‘More than FOUR MONTHS after one of the two turbines on top of Civic Centre 3 broke down, it is still out of action.
‘And a Kirklees Council spokesman said there was still no date for a repair.
‘The two turbines on top of the building alongside the ring road have become a familiar sight since they were put up four years ago.
‘But in the middle of March, one of the two 6kw turbines had stopped working and Kirklees Council confirmed it was broken.
‘The council confirmed the electrical generator was faulty and officials were investigating repair costs.
‘Today, a council spokesman said: “No date has been set for the repair of the faulty turbine.”
‘The Examiner revealed last summer that the pair of 27ft-tall turbines on top of the Civic Centre cost far more to run than the amount of money they save the council.
‘The two turbines only generated enough energy to cover a third of their upkeep in 2008.
‘The two turbines brought £2,078 into Kirklees Council coffers, but cost £6,431 to maintain and repair.
‘They cost the council £101,000 to buy and install.’
Denmark is usually presented by the wind industry as a country where the population live in harmony with more than 5000 wind turbines. This is far from the truth.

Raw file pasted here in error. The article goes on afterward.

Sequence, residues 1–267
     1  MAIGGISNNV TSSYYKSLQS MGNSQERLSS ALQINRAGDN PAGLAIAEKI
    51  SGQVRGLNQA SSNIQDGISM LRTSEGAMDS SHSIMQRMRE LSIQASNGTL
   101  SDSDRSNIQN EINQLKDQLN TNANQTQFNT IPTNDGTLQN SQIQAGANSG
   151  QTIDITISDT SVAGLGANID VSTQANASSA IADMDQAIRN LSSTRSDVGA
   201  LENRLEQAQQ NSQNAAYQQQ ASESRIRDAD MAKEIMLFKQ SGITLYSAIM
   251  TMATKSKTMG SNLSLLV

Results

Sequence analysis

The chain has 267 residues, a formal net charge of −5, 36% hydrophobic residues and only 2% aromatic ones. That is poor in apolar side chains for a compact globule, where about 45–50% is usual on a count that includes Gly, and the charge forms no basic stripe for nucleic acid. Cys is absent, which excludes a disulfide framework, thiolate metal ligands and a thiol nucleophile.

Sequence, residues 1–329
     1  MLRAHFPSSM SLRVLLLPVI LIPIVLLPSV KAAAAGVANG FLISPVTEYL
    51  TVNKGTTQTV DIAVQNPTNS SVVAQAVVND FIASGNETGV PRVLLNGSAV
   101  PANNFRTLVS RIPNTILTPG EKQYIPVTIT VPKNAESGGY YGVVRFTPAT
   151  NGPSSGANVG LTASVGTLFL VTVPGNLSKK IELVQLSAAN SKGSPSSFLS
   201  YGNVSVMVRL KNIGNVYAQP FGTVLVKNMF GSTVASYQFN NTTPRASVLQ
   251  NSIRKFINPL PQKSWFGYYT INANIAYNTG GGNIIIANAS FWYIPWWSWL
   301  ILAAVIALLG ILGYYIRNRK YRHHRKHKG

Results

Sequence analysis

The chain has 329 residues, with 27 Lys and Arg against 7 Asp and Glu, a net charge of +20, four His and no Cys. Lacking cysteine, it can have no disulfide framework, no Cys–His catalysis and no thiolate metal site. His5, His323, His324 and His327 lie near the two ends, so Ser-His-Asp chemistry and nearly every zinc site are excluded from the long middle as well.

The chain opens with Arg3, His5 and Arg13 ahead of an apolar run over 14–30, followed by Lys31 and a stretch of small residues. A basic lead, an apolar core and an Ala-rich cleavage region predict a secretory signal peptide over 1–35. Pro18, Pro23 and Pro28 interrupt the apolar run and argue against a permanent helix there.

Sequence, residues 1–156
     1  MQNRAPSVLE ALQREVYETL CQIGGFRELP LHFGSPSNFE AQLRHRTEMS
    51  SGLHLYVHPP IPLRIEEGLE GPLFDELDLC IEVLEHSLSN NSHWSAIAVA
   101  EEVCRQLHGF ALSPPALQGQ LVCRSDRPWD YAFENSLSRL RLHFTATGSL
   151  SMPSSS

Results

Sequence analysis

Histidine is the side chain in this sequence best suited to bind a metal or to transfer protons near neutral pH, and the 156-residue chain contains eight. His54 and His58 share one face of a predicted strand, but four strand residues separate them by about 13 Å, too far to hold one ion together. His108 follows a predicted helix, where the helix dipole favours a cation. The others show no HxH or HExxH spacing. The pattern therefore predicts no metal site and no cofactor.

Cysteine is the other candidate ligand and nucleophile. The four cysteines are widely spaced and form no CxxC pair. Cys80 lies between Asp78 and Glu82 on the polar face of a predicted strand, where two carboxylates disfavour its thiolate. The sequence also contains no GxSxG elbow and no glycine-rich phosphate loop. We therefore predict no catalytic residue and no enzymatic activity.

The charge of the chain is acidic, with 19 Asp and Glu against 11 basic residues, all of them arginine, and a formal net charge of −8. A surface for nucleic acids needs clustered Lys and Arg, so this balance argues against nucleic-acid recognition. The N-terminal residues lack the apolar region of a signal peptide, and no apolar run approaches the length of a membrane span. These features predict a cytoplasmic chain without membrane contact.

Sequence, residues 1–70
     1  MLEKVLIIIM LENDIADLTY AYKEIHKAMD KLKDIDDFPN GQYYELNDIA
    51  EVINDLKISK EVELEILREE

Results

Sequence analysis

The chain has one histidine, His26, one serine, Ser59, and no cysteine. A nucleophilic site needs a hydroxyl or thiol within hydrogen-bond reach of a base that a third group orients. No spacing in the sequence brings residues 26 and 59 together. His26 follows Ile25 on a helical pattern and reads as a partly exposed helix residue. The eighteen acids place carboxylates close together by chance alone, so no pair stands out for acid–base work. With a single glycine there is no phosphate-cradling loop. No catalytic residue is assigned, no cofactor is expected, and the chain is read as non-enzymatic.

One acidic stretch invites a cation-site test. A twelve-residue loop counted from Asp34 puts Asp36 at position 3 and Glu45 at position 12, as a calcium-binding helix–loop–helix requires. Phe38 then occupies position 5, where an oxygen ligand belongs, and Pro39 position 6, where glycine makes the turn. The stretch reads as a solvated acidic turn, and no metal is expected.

Around the country there are acrimonious conflicts between the authorities and neighbours of wind turbines.
Then there is the case of the offshore wind turbine test centre. The Danish government is bulldozing through plans for the world’s largest industrial test centre for offshore wind turbines in Northern Jutland. It is proposed to build seven 250 meter high offshore turbines onshore, clearing 15 square kilometres of forest and wetland between the Thy National Park and Vejlerne, a Ramsar site which is northern Europe’s largest breeding ground for migratory birds.
The area is currently categorised as a recreational area, where the building of wind turbines is prohibited.
Jyllands-Posten, Denmark, 22 July 2010. (Translated from the Danish).
‘At more and more places protests have made politicians hold off with wind turbine projects.